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Development of novel PCR primer sets for DNA barcoding of aquatic insects, and the discovery of some cryptic species

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DNA barcoding is a powerful tool that provides rapid, accurate, and automatable species identification using standardized genetic region(s), such as for revealing the existence of cryptic species and/or rare species in biodiversity monitoring. DNA barcoding techniques require the development of sets of universal PCR primers for DNA barcoding. We tried to develop universal primer sets, and succeeded in designing not only universal primer sets for DNA barcoding regions of almost all insects, which were designed to include a hypervariable site between highly conserved sites, but also primer sets for longer fragment sequences for registration in a database. We confirmed successful amplification for 14 orders, 43 families, and 68 species with DNA barcoding in the mtDNA 16S rRNA region, and for 13 orders, 42 families, and 66 species with DNA barcoding in the mtDNA 12S rRNA region, including Apterygota and Pterygota (Paleoptera, Polyneoptera, Paraneoptera, and Oligoneoptera). A key feature is that the DNA fragments of the DNA barcoding regions amplified by these primer sets are both short at about 200-bp, and longer fragment sequences will increase the level of data registration in the DNA database. In addition, we evaluated the sensitivity of these newly developed primers using Epeorus aesculus (Heptageniidae), which inhabits a relatively wide range of river systems. The results of this study revealed the existence of a cryptic species or an undescribed species. Such resulting database enhancements will provide opportunities for increasingly accurate assessment of biodiversity and genetic diversity.

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Data availability

All DNA sequences analysed in this study have been deposited in the public repository of GenBank systems. All methods information is included in this manuscript.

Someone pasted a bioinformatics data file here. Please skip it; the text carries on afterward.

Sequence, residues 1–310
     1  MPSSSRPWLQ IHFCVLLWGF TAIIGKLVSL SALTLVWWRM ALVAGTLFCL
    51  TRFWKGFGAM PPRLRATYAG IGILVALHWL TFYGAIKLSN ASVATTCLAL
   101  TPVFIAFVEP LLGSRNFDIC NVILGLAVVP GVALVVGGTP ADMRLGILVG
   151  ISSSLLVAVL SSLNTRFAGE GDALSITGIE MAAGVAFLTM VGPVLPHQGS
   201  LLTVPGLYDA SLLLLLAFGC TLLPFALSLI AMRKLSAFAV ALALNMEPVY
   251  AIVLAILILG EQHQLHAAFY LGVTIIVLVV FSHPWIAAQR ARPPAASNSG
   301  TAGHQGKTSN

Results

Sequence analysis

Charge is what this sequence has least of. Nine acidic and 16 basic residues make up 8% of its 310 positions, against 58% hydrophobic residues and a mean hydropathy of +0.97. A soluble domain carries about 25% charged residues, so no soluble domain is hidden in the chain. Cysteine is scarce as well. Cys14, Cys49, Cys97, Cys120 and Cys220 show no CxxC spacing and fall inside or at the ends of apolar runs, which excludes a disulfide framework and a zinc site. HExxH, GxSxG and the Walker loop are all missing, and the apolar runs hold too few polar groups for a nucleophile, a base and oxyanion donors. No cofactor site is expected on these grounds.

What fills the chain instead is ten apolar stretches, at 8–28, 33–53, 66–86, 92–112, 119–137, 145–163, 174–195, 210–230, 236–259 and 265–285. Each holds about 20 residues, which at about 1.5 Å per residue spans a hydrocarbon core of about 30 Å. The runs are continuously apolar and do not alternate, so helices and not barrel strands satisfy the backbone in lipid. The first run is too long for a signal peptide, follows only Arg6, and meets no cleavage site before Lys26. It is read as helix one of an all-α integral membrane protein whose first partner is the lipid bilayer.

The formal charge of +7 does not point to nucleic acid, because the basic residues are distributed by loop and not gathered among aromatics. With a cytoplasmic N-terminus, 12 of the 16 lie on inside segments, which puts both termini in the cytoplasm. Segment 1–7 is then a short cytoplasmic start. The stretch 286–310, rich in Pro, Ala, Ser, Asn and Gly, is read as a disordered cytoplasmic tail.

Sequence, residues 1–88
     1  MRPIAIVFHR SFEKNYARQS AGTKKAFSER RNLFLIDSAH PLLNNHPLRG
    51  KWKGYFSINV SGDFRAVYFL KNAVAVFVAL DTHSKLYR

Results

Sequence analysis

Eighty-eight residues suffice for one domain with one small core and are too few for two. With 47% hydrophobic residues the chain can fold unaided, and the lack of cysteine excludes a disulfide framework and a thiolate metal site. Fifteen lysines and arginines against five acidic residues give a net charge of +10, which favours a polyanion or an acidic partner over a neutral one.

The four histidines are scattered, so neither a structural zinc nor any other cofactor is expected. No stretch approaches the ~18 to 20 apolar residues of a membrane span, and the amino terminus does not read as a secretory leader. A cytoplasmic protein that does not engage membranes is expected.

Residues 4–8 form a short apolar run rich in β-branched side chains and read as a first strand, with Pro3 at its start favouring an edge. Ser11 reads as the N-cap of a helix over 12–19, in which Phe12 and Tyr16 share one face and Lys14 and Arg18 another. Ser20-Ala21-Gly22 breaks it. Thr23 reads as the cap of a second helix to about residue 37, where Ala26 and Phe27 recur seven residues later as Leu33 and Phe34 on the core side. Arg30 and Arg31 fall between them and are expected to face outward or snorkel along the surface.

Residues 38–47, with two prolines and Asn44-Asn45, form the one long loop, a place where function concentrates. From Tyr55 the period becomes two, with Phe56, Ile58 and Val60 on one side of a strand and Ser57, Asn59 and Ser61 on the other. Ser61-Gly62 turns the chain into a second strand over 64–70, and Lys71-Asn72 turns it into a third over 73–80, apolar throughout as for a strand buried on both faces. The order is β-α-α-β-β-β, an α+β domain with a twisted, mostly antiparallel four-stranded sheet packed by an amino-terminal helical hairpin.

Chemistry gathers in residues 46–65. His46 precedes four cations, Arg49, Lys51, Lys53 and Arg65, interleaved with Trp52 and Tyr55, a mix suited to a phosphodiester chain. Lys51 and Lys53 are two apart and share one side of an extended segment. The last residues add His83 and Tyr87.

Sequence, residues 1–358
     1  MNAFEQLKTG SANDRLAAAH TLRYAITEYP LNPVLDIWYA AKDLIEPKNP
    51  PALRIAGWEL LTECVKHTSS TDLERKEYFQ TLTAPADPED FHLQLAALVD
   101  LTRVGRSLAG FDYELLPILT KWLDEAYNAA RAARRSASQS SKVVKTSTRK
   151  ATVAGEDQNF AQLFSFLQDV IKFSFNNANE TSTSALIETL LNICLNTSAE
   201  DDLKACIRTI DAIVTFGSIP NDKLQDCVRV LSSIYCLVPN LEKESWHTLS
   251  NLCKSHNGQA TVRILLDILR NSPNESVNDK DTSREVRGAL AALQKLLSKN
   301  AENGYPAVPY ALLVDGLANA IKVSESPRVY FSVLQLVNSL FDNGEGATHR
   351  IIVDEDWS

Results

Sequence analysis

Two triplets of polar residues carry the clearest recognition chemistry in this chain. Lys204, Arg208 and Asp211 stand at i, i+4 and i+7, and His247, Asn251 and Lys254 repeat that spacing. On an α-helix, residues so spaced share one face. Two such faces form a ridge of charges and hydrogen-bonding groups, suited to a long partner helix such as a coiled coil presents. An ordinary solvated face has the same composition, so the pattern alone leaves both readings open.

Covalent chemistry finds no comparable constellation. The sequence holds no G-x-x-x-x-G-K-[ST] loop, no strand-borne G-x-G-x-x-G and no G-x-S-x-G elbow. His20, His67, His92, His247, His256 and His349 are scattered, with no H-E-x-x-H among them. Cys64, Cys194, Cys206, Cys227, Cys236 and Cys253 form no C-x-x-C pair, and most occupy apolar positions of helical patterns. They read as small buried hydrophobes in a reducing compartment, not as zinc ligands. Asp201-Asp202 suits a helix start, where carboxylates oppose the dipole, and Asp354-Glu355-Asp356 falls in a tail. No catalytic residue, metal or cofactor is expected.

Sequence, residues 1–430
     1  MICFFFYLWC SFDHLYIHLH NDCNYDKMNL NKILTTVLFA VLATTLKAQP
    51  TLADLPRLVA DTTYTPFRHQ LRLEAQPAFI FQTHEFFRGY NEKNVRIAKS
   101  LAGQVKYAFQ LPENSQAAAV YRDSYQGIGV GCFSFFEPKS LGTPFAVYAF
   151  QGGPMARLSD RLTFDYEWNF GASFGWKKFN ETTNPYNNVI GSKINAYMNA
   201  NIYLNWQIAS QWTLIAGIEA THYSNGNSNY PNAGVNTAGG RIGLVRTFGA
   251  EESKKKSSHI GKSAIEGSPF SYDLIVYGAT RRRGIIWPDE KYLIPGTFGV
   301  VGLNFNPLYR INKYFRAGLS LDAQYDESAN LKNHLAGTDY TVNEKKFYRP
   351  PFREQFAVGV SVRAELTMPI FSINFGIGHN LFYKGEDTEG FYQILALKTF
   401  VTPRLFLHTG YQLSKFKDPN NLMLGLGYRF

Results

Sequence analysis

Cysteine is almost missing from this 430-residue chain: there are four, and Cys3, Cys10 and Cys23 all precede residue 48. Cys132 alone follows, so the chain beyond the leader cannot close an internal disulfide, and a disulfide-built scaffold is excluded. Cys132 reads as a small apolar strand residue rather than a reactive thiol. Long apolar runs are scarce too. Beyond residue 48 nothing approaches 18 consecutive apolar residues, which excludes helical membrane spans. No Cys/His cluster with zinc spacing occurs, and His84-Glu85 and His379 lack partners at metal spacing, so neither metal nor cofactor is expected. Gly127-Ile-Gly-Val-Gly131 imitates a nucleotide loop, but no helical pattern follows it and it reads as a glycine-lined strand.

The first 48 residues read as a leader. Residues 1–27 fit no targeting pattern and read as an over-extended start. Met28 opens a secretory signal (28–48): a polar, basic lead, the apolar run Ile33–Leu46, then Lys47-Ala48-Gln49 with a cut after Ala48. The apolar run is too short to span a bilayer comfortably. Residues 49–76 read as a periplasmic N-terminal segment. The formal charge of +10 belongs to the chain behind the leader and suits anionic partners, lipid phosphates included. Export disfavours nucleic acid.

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We express our thanks to Dr. Y. Iwasaki (National Institute of Advanced Industrial Science and Technology), Dr. N. Uchida (Tohoku University), Dr. N. Kondo (National Institute of Environmental studies), Dr. Y. Hasebe (Kanagawa Prefectural Government) for valuable advice and encouragement. We are indebted to Tojo Lab. members (Shinshu University) and Niimi Lab. members (NIBB) for their cooperation with the field research and collection of specimens. This study was supported by Grants from the River Environment Fund (22-1215-021 to KT, 2017-5211-025 to KT, 2021-5311-005 to MT) of River and Watershed Environment Management, and was also partly supported by the River Works Technology Research and Development Program from Ministry of Land, Infrastructure, Transport and Tourism, Japan.

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MT designed, managed the study, and performed sample collection; MT, KY mainly performed laboratory work and phylogenetic analyses; MT, KY, TS designed Figures and Tables; MT, KT gathered funds; MT, KY, TS, KT wrote and reviewed the manuscript.

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Correspondence to Masaki Takenaka or Koji Tojo.

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The authors declare that they have no competing interests. The experiments comply with the current laws of the country in which they were performed.

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Handling Editor: Teruhiko Takahara.

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Takenaka, M., Yano, K., Suzuki, T. et al. Development of novel PCR primer sets for DNA barcoding of aquatic insects, and the discovery of some cryptic species. Limnology 24, 121–136 (2023).

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